Location: Children's Nutrition Research CenterTitle: Strength exercise improves muscle mass and hepatic insulin sensitivity in obese youth Author
|Van Der Heijden, Gert|
Submitted to: Medicine and Science in Sports and Exercise
Publication Type: Peer Reviewed Journal
Publication Acceptance Date: 3/20/2010
Publication Date: 3/25/2010
Citation: Van Der Heijden, G.J., Wang, Z.J., Chu, Z., Toffolo, G., Manesso, E., Sauer, P.J., Sunehag, A.L. 2010. Strength exercise improves muscle mass and hepatic insulin sensitivity in obese youth. Medicine and Science in Sports and Exercise. 42(11):1973-1980. Interpretive Summary: Physical activity is a primary intervention in the combat against obesity and related disorders. However, data on the metabolic effects of strength training in adolescents are limited. Twelve Hispanic obese teenagers, 6 girls and 6 boys, completed a 12 week strength exercise program. The attendance was very good with about 96% completed sessions. Lean body mass (muscle mass), total body fat, belly fat, and fat around the inner organs of the belly as well as, fat in the liver and a number of metabolic parameters were measured before and after the 12 week exercise program. The results demonstrated that this strength exercise program that was well accepted by the participants, increased strength and muscle mass, which is very important at least for the self esteem of obese adolescents. Further, the sensitivity to insulin (the most important hormone controlling sugar metabolism) in the liver increased. However, the program did not affect any of the fat deposits or the sensitivity to insulin in the muscles. A program combining strength training and aerobic exercises may be a viable strategy to achieve the positive effects of both exercises.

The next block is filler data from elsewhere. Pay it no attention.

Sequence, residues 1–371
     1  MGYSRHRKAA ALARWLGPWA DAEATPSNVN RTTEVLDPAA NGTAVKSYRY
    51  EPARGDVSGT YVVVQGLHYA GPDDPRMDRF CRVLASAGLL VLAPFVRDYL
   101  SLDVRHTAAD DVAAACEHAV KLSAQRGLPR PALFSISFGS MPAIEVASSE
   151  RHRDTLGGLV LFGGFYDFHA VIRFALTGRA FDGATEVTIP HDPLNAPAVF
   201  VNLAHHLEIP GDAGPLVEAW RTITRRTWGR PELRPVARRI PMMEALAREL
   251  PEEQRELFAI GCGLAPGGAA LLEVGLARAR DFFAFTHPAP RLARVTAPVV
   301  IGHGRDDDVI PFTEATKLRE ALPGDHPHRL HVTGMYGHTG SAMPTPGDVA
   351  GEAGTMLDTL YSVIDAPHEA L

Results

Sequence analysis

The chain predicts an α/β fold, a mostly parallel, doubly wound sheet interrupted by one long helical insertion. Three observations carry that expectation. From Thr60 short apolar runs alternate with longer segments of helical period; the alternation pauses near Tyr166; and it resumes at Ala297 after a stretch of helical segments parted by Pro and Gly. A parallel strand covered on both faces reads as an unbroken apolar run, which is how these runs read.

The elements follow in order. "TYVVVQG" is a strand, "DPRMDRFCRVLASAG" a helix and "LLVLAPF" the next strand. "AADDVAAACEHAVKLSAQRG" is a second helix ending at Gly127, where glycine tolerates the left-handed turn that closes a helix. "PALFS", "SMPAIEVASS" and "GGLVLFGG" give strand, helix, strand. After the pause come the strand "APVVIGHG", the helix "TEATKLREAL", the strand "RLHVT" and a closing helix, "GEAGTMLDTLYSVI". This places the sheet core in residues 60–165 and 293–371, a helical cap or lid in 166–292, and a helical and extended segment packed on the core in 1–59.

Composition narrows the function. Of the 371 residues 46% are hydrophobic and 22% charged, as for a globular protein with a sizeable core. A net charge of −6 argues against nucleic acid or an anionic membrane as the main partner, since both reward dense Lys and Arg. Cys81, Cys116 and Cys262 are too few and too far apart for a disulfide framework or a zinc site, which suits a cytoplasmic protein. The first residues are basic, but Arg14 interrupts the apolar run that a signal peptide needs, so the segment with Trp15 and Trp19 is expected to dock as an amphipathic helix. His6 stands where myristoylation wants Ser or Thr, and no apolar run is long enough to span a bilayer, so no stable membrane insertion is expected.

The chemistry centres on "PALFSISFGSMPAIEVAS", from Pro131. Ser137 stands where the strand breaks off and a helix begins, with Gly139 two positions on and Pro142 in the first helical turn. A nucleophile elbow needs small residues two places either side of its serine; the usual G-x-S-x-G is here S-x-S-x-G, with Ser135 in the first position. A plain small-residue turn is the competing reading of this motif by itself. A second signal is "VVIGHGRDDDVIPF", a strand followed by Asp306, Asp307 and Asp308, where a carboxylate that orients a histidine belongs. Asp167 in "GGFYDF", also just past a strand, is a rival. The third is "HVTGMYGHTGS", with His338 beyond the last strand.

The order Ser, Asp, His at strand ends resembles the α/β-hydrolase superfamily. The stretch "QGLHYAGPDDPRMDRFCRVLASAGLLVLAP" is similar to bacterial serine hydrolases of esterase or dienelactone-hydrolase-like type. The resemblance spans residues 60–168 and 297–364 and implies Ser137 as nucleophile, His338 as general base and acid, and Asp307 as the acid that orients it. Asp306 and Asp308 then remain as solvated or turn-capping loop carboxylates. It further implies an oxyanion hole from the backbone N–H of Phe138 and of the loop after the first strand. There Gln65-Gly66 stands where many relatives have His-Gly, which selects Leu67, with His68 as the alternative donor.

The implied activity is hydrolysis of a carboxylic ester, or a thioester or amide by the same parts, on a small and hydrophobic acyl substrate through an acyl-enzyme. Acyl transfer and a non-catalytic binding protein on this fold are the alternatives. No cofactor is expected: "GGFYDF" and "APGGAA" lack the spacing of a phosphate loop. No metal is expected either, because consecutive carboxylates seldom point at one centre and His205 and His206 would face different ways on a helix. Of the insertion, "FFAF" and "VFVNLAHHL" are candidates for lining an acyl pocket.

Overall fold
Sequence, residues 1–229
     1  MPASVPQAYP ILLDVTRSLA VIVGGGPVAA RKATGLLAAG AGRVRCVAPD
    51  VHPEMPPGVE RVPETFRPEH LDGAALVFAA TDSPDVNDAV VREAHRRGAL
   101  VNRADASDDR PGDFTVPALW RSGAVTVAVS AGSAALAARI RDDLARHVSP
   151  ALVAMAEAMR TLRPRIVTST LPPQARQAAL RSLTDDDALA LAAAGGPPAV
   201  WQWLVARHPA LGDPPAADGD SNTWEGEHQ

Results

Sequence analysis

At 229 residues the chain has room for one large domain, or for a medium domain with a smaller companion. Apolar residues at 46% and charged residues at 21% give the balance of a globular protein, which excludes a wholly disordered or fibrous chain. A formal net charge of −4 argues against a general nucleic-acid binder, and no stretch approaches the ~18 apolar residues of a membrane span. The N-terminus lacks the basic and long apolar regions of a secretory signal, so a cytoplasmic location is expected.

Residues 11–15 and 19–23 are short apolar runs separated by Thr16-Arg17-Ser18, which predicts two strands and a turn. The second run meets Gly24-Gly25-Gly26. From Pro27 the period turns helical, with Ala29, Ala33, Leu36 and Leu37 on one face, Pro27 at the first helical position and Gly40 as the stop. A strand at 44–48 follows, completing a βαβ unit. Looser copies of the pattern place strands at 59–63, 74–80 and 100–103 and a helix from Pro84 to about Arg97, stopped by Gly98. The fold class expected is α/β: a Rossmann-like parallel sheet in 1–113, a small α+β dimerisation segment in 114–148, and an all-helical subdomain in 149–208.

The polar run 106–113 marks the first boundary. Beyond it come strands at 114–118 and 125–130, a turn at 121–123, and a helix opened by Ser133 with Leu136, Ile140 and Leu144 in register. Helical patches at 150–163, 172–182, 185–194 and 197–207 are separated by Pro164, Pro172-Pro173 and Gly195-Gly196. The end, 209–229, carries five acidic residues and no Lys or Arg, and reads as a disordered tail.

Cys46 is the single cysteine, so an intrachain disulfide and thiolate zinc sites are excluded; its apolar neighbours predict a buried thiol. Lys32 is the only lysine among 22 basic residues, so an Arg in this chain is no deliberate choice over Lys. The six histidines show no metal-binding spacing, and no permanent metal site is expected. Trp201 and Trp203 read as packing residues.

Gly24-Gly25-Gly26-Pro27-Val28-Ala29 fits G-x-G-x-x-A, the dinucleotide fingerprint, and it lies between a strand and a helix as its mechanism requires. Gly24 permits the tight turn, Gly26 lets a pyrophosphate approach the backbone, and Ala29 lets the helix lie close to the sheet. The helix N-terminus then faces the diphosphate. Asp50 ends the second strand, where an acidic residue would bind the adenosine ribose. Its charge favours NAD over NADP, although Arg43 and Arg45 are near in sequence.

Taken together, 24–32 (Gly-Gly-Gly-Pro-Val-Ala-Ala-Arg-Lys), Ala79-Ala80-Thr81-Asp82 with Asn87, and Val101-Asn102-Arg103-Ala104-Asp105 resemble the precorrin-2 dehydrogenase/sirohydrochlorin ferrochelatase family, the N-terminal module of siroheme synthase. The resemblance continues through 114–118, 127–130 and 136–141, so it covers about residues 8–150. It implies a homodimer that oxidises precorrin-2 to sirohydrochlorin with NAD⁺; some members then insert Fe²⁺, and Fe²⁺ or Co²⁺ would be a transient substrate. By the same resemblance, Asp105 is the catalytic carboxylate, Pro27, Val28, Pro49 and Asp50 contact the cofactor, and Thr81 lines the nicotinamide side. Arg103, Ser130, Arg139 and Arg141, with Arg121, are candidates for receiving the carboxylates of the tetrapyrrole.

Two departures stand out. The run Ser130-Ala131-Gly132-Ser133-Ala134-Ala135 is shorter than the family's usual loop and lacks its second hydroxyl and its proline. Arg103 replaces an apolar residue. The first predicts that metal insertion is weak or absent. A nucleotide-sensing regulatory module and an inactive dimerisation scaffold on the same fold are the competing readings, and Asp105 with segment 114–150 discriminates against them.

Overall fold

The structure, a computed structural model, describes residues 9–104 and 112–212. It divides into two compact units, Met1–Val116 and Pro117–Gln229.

Technical Abstract: Data on the metabolic effects of resistance exercise (strength training) in adolescents are limited. The objective of this study was to determine whether a controlled resistance exercise program without dietary intervention or weight loss reduces body fat accumulation, increases lean body mass, and improves insulin sensitivity and glucose metabolism in sedentary obese Hispanic adolescents. Twelve obese adolescents (age = 15.5 +/- 0.5 yr, body mass index = 35.3 +/- 0.8 kg/m; 40.8% +/- 1.5% body fat), completed a 12-wk resistance exercise program (two times 1 h/wk, exercising all major muscle groups). At baseline and on completion of the program, body composition was measured by dual-energy x-ray absorptiometry, abdominal fat distribution was measured by magnetic resonance imaging, hepatic and intramyocellular fat was measured by magnetic resonance spectroscopy, peripheral insulin sensitivity was measured by the stable-label intravenous glucose tolerance test, and hepatic insulin sensitivity was measured by the hepatic insulin sensitivity index = 1000/ (GPR x fasting insulin). Glucose production rate (GPR), gluconeogenesis, and glycogenolysis were quantified using stable isotope gas chromatography/mass spectrometry techniques. All participants were normoglycemic. The exercise program resulted in significant strength gain in both upper and lower body muscle groups. Body weight increased from 97.0 +/- 3.8 to 99.6 +/- 4.2 kg (P < 0.01). The major part (~80%) was accounted for by increased lean body mass (55.7 +/- 2.8 to 57.9 +/- 3.0 kg, P </= 0.01). Total, visceral, hepatic, and intramyocellular fat contents remained unchanged. Hepatic insulin sensitivity increased by 24% +/- 9% (P < 0.05), whereas peripheral insulin sensitivity did not change significantly. GPR decreased by 8% +/- 1% (P < 0.01) because of a 12% +/- 5% decrease in glycogenolysis (P < 0.05). We conclude that a controlled resistance exercise program without weight loss increases strength and lean body mass, improves hepatic insulin sensitivity, and decreases GPR without affecting total fat mass or visceral, hepatic, and intramyocellular fat contents.